As Nairo Quintana kicked off his Arkéa-Samsic career with a win up Mont Ventoux on stage three of the Tour de La Provence, the ride will likely be remembered for more than his debut win for his new French employers.
Estimates indicate the Colombian climber has set a new record for the climb up to Chalet Reynard, which comes 5km before the summit, at 1,429m above sea level compared to an altitude of 1,909m at the very top of the mountain.
According to blogger ammattipyöräily, who timed Quintana's climb watching the live coverage, the climber made the ascent in around 28-12.
This is apparently eight seconds quicker than Marco Pantani's previous record (opens in new tab) of 28-20 at the 1994 Tour de France.
As well as a reported tailwind, Quintana will have benefitted from his Arkéa-Samsic team setting a high pace on the first half of the 14km climb, which has an average gradient of 7.6%, as they worked to bring Deceuninck - Quick-Step's Rémi Cavagna back in.
After Quintana attacked the field halfway up the climb with 7km to the finish line he continued to power away, eventually finished nearly a minute and a half of the next fastest rider, Astana's Alexey Lutsenko.
Sepp Kuss (Jumbo-Visma), who was involved in numerous attempts to chase Quintana down, has posted his Strava data from the climb.
After initially getting onto Quintana's wheel as the Colombian launched his attack, Kuss then was part of the three-man chase group alongside Lutsenko and Hugh Carthy (EF Pro Cycling). The American then fell back to the Thibaut Pinot chase group, but continued to drive the pace until he eventually finished sixth, more than two minutes down.
As the highest-placed finisher who has posted his data, we can get a small idea of how much Quintana and the four other riders who finished ahead were going.
Kuss's average speed up the climb was 22.1km/h, averaging 363 watts while hitting a maximum of 986w. His heart rate averaged 185bpm while his average cadence was 85prm.
"I felt good. Better than expected actually”, Kuss explained after the stage. "I didn’t think I could do this so early in the season."
After Chalet Reynard, Ventoux turns into the iconic deserted moonscape all the way to the summit. The gradient eases in this final section, but Eros Poli, the 6ft 4in Italian who took an unlikely solo win on a stage that passed over the Ventoux in the 1994 Tour, says this doesn't make it any easier.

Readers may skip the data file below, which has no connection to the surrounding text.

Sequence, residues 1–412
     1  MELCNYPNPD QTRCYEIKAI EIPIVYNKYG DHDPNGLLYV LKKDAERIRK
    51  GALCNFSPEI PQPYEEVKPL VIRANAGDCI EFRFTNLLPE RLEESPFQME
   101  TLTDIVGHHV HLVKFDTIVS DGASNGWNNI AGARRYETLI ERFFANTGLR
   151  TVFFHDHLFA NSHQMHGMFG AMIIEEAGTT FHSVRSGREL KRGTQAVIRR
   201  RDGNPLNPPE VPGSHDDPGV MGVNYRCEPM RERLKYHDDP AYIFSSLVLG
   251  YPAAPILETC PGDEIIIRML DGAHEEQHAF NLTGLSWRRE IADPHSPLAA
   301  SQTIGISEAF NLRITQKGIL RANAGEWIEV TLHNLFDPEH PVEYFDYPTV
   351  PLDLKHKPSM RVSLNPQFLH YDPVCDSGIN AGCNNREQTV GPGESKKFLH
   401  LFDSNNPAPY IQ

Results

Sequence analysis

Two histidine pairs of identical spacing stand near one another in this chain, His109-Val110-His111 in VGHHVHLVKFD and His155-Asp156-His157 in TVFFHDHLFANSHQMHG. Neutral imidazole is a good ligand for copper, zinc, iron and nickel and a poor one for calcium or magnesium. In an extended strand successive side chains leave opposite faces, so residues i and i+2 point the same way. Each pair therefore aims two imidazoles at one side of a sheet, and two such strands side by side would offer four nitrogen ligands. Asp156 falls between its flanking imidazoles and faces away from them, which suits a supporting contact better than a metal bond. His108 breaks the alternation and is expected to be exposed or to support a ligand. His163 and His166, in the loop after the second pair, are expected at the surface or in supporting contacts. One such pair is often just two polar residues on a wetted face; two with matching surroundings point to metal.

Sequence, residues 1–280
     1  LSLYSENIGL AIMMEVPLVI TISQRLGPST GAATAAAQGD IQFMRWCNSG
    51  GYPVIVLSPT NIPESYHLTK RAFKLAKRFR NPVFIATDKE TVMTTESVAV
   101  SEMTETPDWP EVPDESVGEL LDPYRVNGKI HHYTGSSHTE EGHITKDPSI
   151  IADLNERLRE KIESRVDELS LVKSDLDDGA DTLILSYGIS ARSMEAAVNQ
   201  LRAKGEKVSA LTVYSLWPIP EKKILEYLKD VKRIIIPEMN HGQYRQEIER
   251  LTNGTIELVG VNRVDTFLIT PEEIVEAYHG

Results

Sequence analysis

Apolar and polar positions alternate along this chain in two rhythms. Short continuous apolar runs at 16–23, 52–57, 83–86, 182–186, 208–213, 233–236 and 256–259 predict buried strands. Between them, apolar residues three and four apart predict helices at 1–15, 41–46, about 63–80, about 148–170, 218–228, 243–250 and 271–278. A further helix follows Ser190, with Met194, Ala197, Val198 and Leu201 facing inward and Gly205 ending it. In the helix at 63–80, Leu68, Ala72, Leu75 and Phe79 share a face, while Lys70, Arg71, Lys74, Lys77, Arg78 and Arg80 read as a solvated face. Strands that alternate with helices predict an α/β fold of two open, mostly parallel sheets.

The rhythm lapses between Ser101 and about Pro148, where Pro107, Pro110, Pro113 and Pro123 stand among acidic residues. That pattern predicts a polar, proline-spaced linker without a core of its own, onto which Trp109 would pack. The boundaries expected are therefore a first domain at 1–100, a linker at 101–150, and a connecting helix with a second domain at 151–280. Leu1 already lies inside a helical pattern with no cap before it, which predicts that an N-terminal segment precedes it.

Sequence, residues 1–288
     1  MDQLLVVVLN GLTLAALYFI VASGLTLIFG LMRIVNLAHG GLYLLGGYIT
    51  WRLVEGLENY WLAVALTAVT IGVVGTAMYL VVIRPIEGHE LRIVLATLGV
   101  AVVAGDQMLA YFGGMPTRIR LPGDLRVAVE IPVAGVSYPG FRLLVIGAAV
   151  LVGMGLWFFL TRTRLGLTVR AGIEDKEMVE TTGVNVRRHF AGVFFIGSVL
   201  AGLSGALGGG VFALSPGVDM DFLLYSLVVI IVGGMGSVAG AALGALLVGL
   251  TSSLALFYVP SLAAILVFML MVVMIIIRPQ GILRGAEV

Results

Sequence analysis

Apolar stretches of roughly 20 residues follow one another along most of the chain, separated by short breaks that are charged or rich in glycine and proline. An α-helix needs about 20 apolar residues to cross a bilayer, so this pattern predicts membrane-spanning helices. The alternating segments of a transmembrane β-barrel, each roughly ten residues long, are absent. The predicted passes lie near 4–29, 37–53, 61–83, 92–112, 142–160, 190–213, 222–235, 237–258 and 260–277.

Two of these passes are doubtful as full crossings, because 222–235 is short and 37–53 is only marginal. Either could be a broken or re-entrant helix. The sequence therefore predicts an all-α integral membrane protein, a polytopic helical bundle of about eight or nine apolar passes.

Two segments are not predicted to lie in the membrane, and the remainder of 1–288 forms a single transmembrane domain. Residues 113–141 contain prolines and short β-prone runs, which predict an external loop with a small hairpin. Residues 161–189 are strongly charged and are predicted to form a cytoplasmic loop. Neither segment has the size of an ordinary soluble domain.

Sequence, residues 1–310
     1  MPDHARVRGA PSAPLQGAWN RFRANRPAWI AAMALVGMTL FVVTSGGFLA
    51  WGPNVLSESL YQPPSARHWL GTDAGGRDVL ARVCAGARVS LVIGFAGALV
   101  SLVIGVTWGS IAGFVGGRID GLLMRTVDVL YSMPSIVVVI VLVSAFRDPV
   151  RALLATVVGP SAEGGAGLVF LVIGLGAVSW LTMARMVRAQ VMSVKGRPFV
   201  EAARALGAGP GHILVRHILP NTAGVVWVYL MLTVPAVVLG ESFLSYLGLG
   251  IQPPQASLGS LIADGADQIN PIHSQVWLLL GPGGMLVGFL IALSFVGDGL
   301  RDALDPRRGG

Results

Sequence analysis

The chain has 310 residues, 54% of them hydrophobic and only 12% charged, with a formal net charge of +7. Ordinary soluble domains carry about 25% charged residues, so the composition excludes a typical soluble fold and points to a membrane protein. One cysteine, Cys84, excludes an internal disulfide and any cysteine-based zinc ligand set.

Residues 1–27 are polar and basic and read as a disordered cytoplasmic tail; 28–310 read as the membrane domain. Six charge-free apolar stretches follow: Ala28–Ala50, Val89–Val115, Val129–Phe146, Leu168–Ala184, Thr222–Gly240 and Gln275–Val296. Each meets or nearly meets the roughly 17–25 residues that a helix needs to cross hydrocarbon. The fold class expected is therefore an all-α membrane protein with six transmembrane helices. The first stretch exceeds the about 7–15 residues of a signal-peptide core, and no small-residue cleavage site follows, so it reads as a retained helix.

"The third part from Chalet Reynard to the top can be painful," he says. "You’ve already done 16km, so in those last six you are dead tired. In that sun, with the stones reflecting the heat, or if there’s wind, you’ll suffer."
Of course, Quintana will have been helped by the lower temperatures of ascending the climb in February, and whether he could have sustained his effort all the way to the top is something we don't know.
The Mont Ventoux record for the whole climb is held by Iban Mayo, having beaten Lance Armstrong in a time trial up the mountain during the Critérium du Dauphiné and setting a time of 55 minutes and 21 seconds, averaging 23.2km/h.
Quintana had a strong early season in 2019 and looks to have repeated this form in 2020. However, this year the Colombian will be hoping to maintain these good sensations going into the summer where he will be looking to improve on his eighth-place finish at the Tour de France.
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Hi. I'm Cycling Weekly's Weekend Editor. I like writing offbeat features and eating too much bread when working out on the road at bike races.
Before joining Cycling Weekly I worked at The Tab and I've also written for Vice, Time Out, and worked freelance for The Telegraph (I know, but I needed the money at the time so let me live).
I also worked for ITV Cycling between 2011-2018 on their Tour de France and Vuelta a España coverage. Sometimes I'd be helping the producers make the programme and other times I'd be getting the lunches. Just in case you were wondering - Phil Liggett and Paul Sherwen had the same ham sandwich every day, it was great.
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